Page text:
Temperature-induced maternal effects on the phenotype of larvae released by the brooding coral Pocillopora damicornis.
Society of Integrative and Comparative Biology Annual Meeting
Maternal effects on offspring facilitated though environmental factors can provide insight to the response of organisms to global climate change. A maternal effect occurs when environmental factors affecting mothers influence offspring phenotype, independent of their genotype or the environment into which they are released. Such effects are referred to as transgenerational phenotypic plasticity. In this study we examined maternal effects induced by temperature on the larvae of the scleractinian coral Pocillopora damicornis in Nanwan Bay, Taiwan. Specifically we tested the hypothesis that colonies exposed to high temperature displayed different reproductive traits and released dissimilar larvae compared to colonies at a lower temperature. Eight colonies were incubated for 16 d at ambient (27.13°C) and elevated (29.65°C) temperature and the outcome assessed as colony−level fecundity, timing of larval release, and energy content of larvae. Colony−level fecundity was affected significantly by temperature, with fecundity increasing 52 % at high compared to ambient temperature, and colonies in warmer conditions releasing larvae earlier (1 d) than colonies at ambient temperature. The energy content of larvae also was affected by the temperatures under which the parents were retained, with energy content 34 % lower in larvae released from colonies held at 29.65°C. Our results show for P. damicornis that the thermal environment affecting maternal colonies can influence reproduction and larval phenotypes in ways that could affect offspring success.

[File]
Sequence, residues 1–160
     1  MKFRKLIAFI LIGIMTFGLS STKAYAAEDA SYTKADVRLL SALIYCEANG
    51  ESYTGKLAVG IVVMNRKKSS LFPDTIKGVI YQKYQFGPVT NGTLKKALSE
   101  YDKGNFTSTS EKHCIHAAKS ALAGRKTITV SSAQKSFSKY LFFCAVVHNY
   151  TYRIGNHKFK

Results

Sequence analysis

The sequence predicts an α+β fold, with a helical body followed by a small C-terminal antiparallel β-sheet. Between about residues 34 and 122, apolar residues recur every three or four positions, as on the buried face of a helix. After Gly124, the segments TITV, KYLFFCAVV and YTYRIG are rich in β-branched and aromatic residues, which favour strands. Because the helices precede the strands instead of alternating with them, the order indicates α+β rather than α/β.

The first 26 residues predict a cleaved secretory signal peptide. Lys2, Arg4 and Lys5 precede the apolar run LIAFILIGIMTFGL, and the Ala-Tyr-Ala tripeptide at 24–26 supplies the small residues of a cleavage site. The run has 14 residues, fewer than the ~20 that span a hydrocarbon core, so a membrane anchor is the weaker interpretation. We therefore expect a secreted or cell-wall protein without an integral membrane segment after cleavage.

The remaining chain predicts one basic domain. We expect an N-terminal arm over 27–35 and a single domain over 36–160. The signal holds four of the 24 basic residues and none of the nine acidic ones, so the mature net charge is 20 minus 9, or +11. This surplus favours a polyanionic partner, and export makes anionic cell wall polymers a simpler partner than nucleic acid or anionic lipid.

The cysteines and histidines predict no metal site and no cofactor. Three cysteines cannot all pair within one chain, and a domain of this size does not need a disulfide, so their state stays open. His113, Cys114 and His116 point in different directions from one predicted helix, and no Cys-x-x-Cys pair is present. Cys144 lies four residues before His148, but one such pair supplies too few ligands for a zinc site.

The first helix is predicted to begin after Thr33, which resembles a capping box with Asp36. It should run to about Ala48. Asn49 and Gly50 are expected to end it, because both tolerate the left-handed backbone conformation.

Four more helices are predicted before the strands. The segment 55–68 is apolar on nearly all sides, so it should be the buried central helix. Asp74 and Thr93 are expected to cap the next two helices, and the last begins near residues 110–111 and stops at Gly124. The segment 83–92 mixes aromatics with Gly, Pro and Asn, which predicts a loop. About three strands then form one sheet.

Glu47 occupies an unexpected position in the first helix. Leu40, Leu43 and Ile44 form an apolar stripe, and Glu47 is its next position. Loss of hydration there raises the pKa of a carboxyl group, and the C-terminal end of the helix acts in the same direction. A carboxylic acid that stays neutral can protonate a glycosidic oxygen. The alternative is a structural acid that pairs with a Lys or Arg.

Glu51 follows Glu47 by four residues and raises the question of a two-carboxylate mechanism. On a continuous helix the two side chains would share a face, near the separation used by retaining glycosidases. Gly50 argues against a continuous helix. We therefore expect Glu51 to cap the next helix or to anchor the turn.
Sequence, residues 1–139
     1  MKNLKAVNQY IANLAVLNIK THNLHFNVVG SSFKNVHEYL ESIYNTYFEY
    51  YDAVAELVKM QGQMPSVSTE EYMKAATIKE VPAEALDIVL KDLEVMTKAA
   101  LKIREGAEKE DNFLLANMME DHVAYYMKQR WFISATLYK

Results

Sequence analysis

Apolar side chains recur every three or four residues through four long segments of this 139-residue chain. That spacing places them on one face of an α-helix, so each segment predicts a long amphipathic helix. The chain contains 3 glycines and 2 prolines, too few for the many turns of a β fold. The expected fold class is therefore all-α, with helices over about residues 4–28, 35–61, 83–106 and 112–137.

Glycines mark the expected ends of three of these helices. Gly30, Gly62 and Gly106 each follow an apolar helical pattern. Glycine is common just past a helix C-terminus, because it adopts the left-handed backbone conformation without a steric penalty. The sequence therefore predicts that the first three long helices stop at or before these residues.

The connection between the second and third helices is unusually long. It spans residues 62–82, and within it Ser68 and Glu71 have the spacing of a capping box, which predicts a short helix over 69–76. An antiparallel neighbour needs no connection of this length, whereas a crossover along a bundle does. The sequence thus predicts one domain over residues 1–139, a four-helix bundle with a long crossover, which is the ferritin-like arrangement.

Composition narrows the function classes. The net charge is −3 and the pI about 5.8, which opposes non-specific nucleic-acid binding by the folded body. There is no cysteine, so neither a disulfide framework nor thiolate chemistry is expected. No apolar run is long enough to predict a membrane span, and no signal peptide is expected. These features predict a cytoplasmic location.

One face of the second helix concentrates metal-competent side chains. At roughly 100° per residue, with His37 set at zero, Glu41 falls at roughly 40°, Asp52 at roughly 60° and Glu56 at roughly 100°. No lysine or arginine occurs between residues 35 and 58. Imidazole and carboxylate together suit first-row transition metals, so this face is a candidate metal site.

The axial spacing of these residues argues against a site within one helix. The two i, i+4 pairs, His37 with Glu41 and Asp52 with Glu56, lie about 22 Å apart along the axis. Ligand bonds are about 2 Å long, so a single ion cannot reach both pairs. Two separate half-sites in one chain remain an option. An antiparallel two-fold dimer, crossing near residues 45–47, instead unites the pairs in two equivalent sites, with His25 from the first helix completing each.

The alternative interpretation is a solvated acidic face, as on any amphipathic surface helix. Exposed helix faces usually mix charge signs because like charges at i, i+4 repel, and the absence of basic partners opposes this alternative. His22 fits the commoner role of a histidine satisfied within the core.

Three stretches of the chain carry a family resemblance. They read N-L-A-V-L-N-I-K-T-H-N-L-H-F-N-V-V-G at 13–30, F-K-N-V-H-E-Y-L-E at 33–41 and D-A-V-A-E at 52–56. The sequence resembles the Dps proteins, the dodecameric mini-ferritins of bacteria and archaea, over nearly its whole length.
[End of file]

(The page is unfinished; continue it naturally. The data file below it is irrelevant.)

Oxford University Press
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